Wednesday, December 3, 2008

The Pitiful End of the American Auto Industry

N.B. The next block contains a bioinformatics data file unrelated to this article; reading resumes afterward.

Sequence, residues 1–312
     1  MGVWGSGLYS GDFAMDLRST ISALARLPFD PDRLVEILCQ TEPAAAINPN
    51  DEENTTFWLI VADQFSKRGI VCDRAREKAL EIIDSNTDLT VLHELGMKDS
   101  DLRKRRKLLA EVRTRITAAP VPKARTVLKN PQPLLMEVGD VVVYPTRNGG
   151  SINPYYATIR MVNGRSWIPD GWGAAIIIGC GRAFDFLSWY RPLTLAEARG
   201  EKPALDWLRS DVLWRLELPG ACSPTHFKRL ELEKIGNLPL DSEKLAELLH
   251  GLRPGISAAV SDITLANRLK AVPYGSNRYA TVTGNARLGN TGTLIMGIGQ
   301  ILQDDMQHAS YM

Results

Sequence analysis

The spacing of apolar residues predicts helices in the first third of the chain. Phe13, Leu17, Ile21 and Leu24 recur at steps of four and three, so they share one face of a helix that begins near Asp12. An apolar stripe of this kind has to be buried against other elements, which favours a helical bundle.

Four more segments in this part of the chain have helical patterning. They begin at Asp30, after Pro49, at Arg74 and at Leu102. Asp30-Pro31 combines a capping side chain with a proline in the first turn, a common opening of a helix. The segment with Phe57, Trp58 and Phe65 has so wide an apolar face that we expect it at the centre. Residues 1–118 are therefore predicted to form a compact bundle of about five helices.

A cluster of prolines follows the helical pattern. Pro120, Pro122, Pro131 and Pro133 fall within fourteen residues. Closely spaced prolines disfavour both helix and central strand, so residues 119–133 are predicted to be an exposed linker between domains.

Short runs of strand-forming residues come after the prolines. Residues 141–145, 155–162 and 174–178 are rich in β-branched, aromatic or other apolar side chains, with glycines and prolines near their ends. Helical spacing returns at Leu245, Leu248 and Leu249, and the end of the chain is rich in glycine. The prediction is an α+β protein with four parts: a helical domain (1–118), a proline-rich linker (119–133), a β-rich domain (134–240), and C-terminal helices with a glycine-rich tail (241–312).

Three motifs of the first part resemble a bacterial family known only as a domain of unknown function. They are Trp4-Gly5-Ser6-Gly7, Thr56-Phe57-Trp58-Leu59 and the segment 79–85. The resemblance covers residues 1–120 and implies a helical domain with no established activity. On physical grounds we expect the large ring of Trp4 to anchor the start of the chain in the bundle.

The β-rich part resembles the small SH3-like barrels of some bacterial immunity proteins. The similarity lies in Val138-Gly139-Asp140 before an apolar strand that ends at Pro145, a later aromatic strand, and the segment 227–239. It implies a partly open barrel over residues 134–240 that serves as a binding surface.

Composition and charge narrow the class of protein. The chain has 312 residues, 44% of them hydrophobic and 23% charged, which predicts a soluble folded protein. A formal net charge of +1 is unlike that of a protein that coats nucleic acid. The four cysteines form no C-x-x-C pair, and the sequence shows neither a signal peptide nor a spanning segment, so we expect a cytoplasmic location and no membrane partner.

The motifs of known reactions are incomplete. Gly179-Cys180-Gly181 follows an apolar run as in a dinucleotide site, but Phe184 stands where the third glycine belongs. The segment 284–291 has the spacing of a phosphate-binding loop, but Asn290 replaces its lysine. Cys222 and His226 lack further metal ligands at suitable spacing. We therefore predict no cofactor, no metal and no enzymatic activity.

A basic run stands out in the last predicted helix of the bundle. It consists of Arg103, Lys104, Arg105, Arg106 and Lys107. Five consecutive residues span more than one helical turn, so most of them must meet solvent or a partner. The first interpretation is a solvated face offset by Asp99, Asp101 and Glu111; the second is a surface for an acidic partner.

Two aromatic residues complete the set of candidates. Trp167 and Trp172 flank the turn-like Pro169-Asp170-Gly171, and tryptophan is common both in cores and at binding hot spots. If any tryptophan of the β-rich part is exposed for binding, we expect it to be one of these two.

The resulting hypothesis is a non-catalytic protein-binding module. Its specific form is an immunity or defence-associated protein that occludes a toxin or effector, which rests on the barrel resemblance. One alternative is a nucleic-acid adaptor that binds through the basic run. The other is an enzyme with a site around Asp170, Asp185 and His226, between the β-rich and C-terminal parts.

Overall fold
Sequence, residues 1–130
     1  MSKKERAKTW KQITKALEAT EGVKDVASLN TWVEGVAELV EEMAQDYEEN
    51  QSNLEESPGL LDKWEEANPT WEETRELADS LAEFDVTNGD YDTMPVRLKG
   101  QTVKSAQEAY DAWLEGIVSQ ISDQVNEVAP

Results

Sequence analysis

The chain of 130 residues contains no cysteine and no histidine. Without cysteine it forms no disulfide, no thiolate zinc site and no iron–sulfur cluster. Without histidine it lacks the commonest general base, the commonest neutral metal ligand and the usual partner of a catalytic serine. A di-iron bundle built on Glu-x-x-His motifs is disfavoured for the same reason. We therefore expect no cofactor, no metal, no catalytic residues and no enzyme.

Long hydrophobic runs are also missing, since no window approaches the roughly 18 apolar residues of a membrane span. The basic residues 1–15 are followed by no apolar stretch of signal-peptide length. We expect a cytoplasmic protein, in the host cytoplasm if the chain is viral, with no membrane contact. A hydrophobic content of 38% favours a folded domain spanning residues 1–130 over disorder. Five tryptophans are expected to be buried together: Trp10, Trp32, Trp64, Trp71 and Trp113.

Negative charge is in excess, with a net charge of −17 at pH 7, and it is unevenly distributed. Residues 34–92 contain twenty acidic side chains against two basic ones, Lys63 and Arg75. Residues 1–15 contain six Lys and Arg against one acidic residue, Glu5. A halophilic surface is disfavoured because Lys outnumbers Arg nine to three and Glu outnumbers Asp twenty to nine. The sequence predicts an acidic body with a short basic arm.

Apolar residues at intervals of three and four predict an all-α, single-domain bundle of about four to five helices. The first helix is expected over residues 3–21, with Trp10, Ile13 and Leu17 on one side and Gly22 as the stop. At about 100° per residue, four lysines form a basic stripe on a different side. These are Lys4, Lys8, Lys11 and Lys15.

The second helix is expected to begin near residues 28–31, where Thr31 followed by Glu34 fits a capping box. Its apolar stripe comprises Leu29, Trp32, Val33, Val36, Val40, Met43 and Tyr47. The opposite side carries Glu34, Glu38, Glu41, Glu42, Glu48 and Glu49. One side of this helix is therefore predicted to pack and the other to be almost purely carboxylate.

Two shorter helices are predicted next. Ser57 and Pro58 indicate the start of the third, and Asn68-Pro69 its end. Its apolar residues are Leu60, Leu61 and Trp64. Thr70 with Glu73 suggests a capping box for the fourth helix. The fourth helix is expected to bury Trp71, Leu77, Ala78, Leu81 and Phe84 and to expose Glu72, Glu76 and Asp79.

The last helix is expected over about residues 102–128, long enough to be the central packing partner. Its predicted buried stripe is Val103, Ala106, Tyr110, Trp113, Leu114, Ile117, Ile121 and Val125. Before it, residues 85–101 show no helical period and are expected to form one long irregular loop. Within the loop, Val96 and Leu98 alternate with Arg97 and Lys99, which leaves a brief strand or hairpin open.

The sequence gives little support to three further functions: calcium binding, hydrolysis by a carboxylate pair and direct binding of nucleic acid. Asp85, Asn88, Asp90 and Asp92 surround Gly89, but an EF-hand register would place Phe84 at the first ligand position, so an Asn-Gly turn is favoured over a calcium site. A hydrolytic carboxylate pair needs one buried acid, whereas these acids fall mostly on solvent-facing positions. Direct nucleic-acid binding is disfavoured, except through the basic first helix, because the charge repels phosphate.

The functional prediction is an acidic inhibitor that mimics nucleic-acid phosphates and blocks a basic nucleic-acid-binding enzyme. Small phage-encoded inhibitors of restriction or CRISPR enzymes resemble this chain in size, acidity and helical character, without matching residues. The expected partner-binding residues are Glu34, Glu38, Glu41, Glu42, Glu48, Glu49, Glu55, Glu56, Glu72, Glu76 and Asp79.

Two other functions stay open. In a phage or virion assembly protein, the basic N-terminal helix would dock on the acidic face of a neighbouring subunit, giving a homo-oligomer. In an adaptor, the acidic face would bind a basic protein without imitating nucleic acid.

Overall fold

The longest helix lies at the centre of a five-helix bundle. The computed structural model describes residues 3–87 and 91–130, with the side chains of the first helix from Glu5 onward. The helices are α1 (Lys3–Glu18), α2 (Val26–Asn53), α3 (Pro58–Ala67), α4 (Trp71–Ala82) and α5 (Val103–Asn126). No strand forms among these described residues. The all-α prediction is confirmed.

With the United States treasury being plundered by Wall Street, it was only a matter of time before the CEO's of the American automakers wanted to do the same. Once upon a time in this country, American built cars were the best in the world. Then came the 70's, with two major oil shortages and a sagging economy. Does anyone remember the Pinto? Or the Gremlin? These were America's answer to the new Japanese upstarts, Honda and Toyota, who were turning out little cars like the Civic that got 40 miles per gallon. Unfortunately, the American versions weren't as fuel efficient nor dependable. Since then, Ford, GM, and Chrysler have seen their market shares dwindle. Now that Honda and Toyota are selling more cars than the Big 3, the pinheads who manage these companies believe the American taxpayer should be obliged to bail them out. GM asks for $18 billion to keep the company alive, but will still have to let go of 20,000 employees. Can someone with a degree in economics explain to me the logic behind giving a company $18 billion of taxpayers' money? Instead of giving them money, should the government get into the auto business and just assume ownership of one of the Big 3? Invest some capital in developing cars that don't rely on fossil fuels, perhaps develop technology for better mass transit systems such as light rail? Or is that too radical of an idea? Should government have ownership of any company? We already have a huge interest in AIG, why not invest in ownership of something that manufactures something tangible. To all my friends and family out there, I know you have an opinion on this, I want to hear them. Please educate me.

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